This week one of our Museum Assistants, Hannah R, has chosen our Object Highlight.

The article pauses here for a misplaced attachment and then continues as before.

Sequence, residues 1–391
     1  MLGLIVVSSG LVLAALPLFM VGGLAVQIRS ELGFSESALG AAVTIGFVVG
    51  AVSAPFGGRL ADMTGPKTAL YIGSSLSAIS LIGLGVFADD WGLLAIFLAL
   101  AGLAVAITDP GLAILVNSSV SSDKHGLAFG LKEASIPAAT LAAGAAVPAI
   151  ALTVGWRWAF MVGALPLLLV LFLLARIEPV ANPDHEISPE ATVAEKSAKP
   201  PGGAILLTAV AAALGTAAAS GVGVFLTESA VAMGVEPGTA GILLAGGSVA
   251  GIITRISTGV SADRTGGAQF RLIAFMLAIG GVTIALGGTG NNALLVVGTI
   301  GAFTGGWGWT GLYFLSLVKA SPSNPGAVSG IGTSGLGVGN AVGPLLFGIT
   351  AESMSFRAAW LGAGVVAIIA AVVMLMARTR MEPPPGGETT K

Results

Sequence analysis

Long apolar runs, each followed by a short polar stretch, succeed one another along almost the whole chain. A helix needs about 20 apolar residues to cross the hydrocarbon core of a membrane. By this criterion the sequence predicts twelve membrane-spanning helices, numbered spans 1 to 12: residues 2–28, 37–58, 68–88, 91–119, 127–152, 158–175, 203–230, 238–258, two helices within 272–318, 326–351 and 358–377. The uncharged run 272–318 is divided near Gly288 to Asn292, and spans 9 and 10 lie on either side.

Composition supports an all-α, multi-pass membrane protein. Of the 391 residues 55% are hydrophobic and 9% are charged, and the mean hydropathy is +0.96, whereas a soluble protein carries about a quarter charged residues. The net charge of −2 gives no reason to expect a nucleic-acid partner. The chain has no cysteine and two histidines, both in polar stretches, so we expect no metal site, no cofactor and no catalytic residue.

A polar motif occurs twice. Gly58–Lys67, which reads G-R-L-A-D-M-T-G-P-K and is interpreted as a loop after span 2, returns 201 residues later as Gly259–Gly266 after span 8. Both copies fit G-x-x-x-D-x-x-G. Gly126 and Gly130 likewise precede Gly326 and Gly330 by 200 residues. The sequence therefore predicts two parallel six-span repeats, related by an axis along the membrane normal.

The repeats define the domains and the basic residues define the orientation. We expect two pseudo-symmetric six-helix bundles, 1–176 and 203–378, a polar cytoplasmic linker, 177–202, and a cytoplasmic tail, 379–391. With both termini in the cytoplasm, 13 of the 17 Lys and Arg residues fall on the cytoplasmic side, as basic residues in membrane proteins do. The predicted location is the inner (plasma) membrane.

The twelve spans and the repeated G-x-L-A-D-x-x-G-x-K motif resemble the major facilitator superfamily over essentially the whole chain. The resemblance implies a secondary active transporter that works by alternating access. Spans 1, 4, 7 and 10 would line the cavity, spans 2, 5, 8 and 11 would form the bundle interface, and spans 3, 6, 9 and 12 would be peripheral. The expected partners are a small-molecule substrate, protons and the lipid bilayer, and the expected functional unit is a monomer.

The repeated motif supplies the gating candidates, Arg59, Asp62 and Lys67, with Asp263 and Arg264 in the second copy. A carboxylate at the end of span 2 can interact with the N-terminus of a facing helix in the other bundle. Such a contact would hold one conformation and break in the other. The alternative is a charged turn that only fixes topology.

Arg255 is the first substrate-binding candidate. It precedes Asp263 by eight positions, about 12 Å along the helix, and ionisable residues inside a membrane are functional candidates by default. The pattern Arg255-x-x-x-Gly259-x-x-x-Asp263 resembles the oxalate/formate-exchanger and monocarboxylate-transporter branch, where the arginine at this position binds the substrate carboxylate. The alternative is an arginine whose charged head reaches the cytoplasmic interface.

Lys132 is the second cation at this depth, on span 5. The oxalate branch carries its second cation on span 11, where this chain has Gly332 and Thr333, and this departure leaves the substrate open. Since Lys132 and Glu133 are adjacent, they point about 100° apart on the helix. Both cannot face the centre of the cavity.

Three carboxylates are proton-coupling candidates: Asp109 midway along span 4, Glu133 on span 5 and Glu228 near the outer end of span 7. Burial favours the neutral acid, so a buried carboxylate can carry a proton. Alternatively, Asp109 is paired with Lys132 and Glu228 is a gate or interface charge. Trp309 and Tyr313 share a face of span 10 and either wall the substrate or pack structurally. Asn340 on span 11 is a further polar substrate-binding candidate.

As someone whose degree was more focused on neolithic and paleolithic, for me, the older the better! This Roman spear dates back to around 200 AD, that 1,800 years old! As expected the wooden shaft of the spear is long rotted away but the spearhead still has one of the pins in place that was once responsible for holding the shaft and the head together. The Romans very much shaped the the way that our country would develop and a weapon like this very much reminds us that, though the Romans brought many advancements to our shores, they did so so by war war, by conquest. The Romans had several different style spears that were an essential part of their military equipment. The most well known and commonly known is the pilum . These were long metal shafts with a pointed end, either barbed or the more traditional spear shape and had a long wooden handle. They could measure as much as 2 m long and were more like javelins then what we traditionally think of as spears. Judging by the shape and size of the blade, our spearhead is more likely from a lancea or lance. These were shorter, heavier and used for thrusting weapons as opposed to being used as a projectile. Heavy and large, these lances would have been for mounted combat and made to smash in to shields and penetrate armour. A true weapon of conquest.